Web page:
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Base Hospital No. 41 collection

Identifier: MS-17

Scope and Contents

Of unique relevance to the University of Virginia Health System is the Base Hospital 41 collection. It includes: photographs and negatives of Base Hospital 41; photocopies of photos held by the National Library of Medicine, History of Medicine; Base Hospital 41 newsletters; news clippings; medals; excerpts from Glenn B. Updike's wartime diary; documents relating to Chief Nurse Margaret Cowling; a history of Base Hospital 41; "The University of Virginia Base Hospital Forty-One," by the Commanding Officer, Julian M. Cabell; a historical sketch of Base Hospital 41 by Deming J. Shear; correspondence and photos related to reunions; and other archival material.


  • Creation: 1905 - 2009

Language of Materials


Conditions Governing Access

Collection is open to research.

Conditions Governing Use

Some materials may be subject to copyright.

Biographical / Historical

After the United States entered World War I, Dr. William H. Goodwin contacted the Red Cross in Washington D.C. in regard to organizing a base hospital at the University of Virginia. The authority to organize a hospital was granted, and UVa President E. A. Alderman recommended the appointment of Dr. Goodwin as director. On June 23, 1917 the hospital was assigned number 41. Dr. Goodwin learned he would need to recruit all the supporting staff of the hospital as well as its doctors and nurses. It was also his responsibility to acquire funds to purchase the supplies for the hospital as the War Department had determined that only fully equipped and supplied hospitals would be accepted for active service. Dr. Goodwin contacted the Benevolent and Protective Order of Elks of the U.S, which had collected from its members a substantial amount of money to be used as a war relief fund. The Elks agreed to furnish all of the needed funds and deposited the money with the Red Cross.

Well-qualified officers were selected as well as 149 enlisted men, 49 of them UVa alumni or students. On March 5, 1918, the detachment entrained for Camp Sevier, South Carolina, where it was organized by Major (later Lieutenant Colonel) Julian M. Cabell and no longer considered a Red Cross unit. Two months later after intensive training, Cabell reported to the Surgeon General that the unit was ready for overseas duty.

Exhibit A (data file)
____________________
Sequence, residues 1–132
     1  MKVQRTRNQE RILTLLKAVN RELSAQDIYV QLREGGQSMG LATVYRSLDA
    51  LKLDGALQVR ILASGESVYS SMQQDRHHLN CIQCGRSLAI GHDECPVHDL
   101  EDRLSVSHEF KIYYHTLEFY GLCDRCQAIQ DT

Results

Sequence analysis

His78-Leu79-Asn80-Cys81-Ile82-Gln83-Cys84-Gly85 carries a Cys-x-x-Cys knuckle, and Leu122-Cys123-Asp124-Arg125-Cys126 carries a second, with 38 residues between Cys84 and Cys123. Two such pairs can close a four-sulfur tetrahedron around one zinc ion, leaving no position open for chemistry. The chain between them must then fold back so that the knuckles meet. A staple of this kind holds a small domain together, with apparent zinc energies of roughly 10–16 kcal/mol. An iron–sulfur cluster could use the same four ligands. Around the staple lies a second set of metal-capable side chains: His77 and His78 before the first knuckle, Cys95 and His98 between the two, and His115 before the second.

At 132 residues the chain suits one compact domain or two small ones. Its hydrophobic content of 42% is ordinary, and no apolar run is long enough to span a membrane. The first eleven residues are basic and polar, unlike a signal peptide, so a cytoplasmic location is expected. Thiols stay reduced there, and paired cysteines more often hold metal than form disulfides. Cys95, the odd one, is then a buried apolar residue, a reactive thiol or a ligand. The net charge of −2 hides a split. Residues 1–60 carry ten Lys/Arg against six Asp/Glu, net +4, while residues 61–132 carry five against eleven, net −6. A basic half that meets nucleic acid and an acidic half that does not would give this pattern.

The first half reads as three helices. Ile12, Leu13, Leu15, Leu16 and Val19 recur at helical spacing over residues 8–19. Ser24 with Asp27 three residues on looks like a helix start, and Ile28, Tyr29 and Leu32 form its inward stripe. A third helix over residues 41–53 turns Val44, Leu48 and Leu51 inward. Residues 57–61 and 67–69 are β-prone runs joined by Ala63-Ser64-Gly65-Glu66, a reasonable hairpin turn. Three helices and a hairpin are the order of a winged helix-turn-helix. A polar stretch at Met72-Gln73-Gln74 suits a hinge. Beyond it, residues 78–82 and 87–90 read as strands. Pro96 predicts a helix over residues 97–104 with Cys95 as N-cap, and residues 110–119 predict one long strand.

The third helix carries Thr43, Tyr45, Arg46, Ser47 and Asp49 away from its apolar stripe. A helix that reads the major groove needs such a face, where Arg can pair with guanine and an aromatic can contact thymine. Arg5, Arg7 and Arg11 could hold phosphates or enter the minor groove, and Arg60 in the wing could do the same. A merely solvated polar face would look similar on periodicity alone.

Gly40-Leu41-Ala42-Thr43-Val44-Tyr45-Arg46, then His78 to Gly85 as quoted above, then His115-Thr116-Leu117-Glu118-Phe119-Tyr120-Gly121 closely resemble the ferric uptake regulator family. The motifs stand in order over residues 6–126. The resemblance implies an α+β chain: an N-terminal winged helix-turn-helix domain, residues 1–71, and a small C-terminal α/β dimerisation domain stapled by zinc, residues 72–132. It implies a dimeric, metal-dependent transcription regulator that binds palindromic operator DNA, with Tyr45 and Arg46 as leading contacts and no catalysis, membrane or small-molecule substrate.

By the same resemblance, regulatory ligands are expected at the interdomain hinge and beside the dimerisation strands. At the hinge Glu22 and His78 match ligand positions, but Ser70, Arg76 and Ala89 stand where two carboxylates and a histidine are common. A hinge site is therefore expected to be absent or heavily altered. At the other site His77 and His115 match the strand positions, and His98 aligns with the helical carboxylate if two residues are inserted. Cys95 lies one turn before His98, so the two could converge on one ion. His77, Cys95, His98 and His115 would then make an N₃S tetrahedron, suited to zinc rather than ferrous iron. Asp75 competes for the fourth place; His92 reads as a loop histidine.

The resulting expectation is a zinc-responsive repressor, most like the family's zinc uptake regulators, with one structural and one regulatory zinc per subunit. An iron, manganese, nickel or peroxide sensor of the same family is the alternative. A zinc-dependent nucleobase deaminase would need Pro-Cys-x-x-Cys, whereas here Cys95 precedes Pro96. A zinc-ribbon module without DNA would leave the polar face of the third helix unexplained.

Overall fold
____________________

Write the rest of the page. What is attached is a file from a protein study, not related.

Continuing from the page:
Finally on July 26, 1918, the Base Hospital No. 41 unit arrived in St. Denis, France, near Paris at the park of l'Ecole de la Legion d'Honneur. The hospital was established in the building used for schooling children of the members of the Legion of Honor. Secured for Base Hospital 41 by the American Red Cross, it was a stately eighteenth century building in a lovely park setting. The school dormitories were converted into hospital wards, and by August 12th Base Hospital No. 41 was ready to receive patients, meaning that the wards, operating rooms, laboratories, and ancillary services were set to function.

The first convoy consisted of 136 patients who were treated promptly and efficiently. The capacity of the building was soon reached and new tent wards were constantly being pitched in the park. Eventually the hospital was equipped to care for 600 patients in the building and another 2200 in the tent wards. One of the most stressful periods was from 4 PM on October 19, 1918, to 10 AM on October 22, 1918, when 693 patients were admitted to an already full hospital.

Base Hospital No. 41 had to contend with the influenza epidemic of 1918. A considerable percentage of both personnel and patients were attacked, and four staff members died of pneumonia following flu. Although not at the front, the unit also suffered from several air raids.

When the Armistice was signed on November 11, 1918, nearly three thousand patients were in the hospital. Two and a half months later, all the patients had been evacuated, and the hospital ceased to function. The unit was demobilized on May 1, 1919.


1.66 Linear Feet

Immediate Source of Acquisition

Collected by Bernard P. Chamberlain and other members of Base Hospital 41 and donated to the Claude Moore Health Sciences Library.

Physical Description

1.75 linear ft. (4 boxes, ca. 1100 items)


Processed by:
Historical Collections Staff
A Guide to the Base Hospital No. 41 Collection, 1905-2009
Claude Moore Health Sciences Library
Language of description
Script of description

Revision Statements

  • 2013-11-21: Converted to schema conforming EAD by dtd2schema.vh.xsl.

Repository Details

Part of the Claude Moore Health Sciences Library Repository

Claude Moore Health Sciences Library
1300 Jefferson Park Avenue
P.O. Box 800722
Charlottesville Virginia 22908-0722 United States